Should you renovate your home during a pandemic?

Should you renovate your home during a pandemic?

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Why should you consider talking to your mortgage lender about any potential renovations to your home? Henk Jansen, founder and partner at Expat Mortgages, says mortgage lenders have three reasons to be interested in your home renovation.

The housing market has seen its biggest rises in decades; we are all stuck at home, seeing every defect…and many construction companies are fully booked for months to come. According to industry experts, home renovations are in full flow, as people discover that they really need that extra study and spend their holiday money on something closer to home.

Why is this a question for your mortgage adviser? In theory, you should inform your mortgage lender if you are about to start on a home renovation (although in practice this is so uncommon that they wouldn’t know what to say if you did). Secondly, you might want extra funding, and raising money on your mortgage might be an option. And thirdly, your renovation could add value to your home, provided you plan it properly and make prudent choices.


There are six stages, according to Jansen. “First: think of what you want, for example, an extra floor on the roof or solar panels,” he says. “Then select a contractor: not an easy task as there are too few available. Three, make sure the contractor is available to do the job (well!). Arrange permits if needed, then arrange the funding. Six: get the job done. It will take more time than expected and you will be confronted with extra work or costs!”

If you don’t have the cash, first talk to your mortgage adviser about your current loan. “Often, mortgage advisors help people take out a certain amount of mortgage, registering a higher amount of mortgage in the deed at the notary,” he says. “This higher registration gives you the possibility to get an extra amount of mortgage without seeing a notary again, which saves you about 1.000 euros and some time.”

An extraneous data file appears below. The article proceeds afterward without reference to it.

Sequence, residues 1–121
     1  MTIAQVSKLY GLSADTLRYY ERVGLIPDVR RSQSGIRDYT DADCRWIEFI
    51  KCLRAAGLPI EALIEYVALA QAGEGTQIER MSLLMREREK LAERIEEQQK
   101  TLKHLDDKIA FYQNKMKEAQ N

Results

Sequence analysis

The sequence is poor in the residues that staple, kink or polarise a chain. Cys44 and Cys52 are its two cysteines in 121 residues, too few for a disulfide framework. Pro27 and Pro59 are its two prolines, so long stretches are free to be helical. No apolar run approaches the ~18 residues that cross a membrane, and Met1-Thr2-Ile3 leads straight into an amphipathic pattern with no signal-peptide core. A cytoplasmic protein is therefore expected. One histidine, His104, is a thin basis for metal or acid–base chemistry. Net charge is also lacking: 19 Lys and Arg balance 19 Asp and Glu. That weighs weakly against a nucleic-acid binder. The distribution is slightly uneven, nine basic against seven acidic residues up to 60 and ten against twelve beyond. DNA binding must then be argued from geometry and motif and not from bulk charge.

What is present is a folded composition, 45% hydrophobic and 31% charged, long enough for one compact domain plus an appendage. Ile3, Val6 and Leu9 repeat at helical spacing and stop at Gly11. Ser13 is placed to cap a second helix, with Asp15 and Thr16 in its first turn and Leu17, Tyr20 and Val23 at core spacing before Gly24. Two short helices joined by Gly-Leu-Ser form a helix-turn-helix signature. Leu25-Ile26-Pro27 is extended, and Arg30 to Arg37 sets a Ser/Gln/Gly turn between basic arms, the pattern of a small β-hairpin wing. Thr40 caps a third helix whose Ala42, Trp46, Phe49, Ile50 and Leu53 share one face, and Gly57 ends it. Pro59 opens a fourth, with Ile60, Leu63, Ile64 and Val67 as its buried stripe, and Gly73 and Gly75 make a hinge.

You might have already repaid some capital from your mortgage and be able to reborrow this amount quite easily. Otherwise, your adviser will assess your loan-to-income ratio (LTI) to check you can still repay the amount, and the loan-to-value (LTV) ratio of your home. The price will probably have risen anyway, but if you renovate, you could add a lot of extra value: with a plan for what you want to do and what it will cost, this can be taken into account for an extra loan.


When the money comes in, it goes into a special building deposit account. “Once you hand in the invoice for the contractor, they will pay the contractor,” explains Jansen. “Or if you paid it yourself or went to Gamma, they will pay it to you. Some German people buy their kitchen in Germany because they are better and cheaper. That can be paid from the building deposit account or repaid to the client. If you hire workers from another country, as long as there are invoices and there is proof that the work has been done, these can be taken into consideration. But they won’t just give you the money and say: good luck!”

This control is a good guarantee for getting work done properly. Although it might seem incredibly expensive to do work with a contractor who is qualified, and perhaps even registered somewhere like the monuments’ restoration body, don’t let black market labourers touch your building structure.